We trust those with whom we connect.
We connect with those whom we can “just be ourselves.”
We connect with those who show vulnerability and with whom we can do the same.
So why can this so challenging in the business world?
In our world, and especially in sales, we’re taught to show confidence. This gives the recipient the sense that we are good at what we do and offers reassurance. Yet, we’re all put off by someone whom we perceive as cocky and insincere. So, what is the fine line between confidence and arrogance?
To some that might sound like instant surrender. As a business owner or senior leader, we’re expected to lead, to exude confidence, and definitely not to show weakness. So where does humility factor in?
Humility is an inside job
When was the last time you went to a doctor, sat down on the edge of the exam table, and she walked in and immediately knew what was wrong with you, without listening to your symptoms or performing routine checks? If she did an instant “doorway diagnosis,” you would be seeking alternative care. Professionals know that information and analysis of that information is crucial to a job done right. Why can’t we adopt the same approach as business leaders?
Do I know everything? No.
And, everyone else knows that too. Therefore, we need to stop setting unrealistic expectations for ourselves. There’s no way each of us will know every particle of information in the universe. Let’s start accepting that we have limitations. This mindset starts from the inside. And, it’s not a weakness. It’s reality. And here’s why it’s effective…
Your team knows you don’t know everything. And, in many cases they are more than willing to step up with knowledge, skill, and ideas to supplement any lack on our part. They also want the business to succeed. So, where does the confidence come in?
Your team also needs you to lead, to be “the papa bear” per se. After all the discourse and volleying of ideas, someone has to make the final decision, right or wrong. And that’s what we’re fearful of isn’t it? Making the wrong decision? Face it, it’s going to happen. You as a team leader or business owner will, from time to time, make the wrong decision. Remember when you were learning to drive? Perhaps a concerned parent told you, “it’s not if you’ll have an accident, it’s when you’ll have an accident.”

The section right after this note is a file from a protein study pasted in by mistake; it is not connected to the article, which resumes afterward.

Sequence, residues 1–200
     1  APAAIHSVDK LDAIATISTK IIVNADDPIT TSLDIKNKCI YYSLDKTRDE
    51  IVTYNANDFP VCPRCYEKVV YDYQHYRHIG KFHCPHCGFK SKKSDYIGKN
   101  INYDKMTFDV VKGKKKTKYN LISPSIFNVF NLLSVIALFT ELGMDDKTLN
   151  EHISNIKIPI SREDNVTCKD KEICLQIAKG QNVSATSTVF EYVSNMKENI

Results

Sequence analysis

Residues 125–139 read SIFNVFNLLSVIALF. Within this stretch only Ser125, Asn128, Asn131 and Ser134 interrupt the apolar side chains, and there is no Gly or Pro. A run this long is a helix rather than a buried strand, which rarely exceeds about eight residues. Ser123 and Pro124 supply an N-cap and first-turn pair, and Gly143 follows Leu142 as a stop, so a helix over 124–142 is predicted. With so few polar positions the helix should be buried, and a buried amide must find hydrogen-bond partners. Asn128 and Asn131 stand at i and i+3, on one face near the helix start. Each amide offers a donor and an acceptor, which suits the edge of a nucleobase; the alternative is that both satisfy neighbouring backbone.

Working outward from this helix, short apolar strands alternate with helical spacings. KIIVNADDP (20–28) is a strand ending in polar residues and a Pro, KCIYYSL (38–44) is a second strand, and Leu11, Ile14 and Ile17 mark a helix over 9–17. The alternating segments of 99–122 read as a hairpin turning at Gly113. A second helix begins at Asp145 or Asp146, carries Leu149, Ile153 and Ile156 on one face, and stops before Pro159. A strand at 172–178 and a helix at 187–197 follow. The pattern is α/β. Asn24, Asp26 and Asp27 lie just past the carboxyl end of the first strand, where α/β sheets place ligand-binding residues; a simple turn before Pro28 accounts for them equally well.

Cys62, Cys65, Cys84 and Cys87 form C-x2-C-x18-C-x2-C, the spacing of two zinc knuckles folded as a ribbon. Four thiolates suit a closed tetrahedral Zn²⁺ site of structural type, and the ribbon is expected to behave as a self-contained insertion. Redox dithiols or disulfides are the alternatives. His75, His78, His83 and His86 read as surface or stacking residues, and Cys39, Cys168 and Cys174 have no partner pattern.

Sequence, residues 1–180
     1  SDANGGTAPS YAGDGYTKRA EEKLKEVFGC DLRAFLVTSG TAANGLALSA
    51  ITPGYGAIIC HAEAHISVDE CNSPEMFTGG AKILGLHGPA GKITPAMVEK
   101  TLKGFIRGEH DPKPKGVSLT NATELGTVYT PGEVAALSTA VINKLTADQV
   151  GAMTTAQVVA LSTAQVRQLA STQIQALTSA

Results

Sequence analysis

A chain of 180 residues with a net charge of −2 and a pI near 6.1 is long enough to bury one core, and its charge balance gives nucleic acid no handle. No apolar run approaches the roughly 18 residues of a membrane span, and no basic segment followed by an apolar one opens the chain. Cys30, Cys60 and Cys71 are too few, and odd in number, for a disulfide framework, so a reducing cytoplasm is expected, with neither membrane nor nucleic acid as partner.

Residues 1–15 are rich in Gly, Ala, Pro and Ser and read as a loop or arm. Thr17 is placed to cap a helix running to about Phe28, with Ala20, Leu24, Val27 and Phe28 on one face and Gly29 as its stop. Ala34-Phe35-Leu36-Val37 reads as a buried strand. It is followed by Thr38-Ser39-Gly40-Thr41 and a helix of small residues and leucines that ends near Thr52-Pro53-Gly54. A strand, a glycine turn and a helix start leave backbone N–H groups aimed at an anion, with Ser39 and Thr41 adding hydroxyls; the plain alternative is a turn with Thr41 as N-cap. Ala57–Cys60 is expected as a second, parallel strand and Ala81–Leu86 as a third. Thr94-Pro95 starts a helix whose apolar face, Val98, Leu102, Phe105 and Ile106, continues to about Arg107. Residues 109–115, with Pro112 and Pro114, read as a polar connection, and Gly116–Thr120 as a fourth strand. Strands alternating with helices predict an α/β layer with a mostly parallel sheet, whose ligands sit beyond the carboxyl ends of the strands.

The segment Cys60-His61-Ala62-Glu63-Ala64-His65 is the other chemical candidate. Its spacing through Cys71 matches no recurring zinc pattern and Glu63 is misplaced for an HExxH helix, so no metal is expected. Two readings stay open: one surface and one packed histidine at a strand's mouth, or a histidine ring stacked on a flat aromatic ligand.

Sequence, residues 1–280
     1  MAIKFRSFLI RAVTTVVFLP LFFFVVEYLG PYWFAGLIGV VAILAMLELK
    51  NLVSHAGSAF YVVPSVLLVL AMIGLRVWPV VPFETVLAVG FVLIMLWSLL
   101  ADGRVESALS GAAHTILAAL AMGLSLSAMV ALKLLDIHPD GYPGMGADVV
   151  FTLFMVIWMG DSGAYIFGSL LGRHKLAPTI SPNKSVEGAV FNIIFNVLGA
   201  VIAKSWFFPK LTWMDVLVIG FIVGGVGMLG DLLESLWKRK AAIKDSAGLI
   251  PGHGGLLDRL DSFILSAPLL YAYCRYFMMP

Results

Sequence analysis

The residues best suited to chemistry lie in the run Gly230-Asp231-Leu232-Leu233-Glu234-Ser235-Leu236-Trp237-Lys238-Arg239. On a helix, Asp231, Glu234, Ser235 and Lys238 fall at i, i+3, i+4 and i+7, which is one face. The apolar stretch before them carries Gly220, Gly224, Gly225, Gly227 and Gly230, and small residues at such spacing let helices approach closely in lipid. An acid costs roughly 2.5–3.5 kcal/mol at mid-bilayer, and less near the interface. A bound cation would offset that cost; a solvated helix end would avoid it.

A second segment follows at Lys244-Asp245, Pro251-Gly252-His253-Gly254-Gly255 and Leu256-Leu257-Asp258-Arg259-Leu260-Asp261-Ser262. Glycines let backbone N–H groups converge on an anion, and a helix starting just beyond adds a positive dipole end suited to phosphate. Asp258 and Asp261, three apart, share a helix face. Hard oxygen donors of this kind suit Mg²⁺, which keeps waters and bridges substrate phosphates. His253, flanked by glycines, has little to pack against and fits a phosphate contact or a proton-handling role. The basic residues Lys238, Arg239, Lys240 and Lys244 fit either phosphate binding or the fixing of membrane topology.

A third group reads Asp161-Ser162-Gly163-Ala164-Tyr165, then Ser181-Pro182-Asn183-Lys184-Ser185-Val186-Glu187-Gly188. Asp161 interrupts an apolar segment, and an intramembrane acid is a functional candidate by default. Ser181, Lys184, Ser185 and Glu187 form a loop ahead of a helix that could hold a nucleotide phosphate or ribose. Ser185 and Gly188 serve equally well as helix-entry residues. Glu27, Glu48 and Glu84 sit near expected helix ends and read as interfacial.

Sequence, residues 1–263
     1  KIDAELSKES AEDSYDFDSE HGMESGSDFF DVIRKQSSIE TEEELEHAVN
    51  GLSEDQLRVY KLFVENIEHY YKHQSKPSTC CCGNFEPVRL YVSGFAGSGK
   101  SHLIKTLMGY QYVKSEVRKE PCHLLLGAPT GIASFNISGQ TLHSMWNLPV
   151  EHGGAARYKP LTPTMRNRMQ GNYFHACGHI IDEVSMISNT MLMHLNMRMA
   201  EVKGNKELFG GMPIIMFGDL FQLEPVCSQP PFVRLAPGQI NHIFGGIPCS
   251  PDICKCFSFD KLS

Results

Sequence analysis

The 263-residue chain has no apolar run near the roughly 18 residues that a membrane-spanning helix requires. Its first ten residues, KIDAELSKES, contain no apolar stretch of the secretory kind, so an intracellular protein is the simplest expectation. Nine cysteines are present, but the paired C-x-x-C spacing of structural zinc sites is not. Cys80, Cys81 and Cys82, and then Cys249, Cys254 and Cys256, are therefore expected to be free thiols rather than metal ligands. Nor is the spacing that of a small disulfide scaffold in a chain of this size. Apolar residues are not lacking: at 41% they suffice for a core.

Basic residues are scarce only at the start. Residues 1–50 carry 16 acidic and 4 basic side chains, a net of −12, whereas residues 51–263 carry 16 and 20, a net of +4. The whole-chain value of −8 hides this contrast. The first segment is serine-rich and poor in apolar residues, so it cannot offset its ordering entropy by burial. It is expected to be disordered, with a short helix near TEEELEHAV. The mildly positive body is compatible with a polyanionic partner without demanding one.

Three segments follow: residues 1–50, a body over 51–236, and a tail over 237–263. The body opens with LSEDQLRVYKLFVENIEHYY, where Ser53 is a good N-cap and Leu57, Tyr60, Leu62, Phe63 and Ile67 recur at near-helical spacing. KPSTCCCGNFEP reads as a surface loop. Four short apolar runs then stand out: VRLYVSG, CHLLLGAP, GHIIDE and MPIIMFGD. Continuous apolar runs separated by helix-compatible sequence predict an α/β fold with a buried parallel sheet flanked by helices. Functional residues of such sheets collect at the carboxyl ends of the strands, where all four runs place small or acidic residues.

So when you bomb, what do you do? Your job is to lead, right?
This is when you communicate that yes, you are aware that decision, although made with the best of intentions, didn’t fare so well. So what can we do from here?
“I have an idea, but I’m welcoming suggestions…”
Humility raises respect
Your team’s estimation of you will soar! No one likes feeling like an underling of a pompous so-and-so. But, a leader who’s willing to admit his mistakes? Listen to suggestions? This not only drives their level of respect for you, but also helps them to feel included in business decisions. This leads to development opportunities for the members of your team, and improves the level of engagement that your employees feel. These are all great things for the future of your business.
Remember, you are good at what you do! You wouldn’t be where you are if you weren’t. We’re often reminded “remember where you came from.” In other words, never forget the humility you had when you first started. It actually got you where you are today and will propel you forward.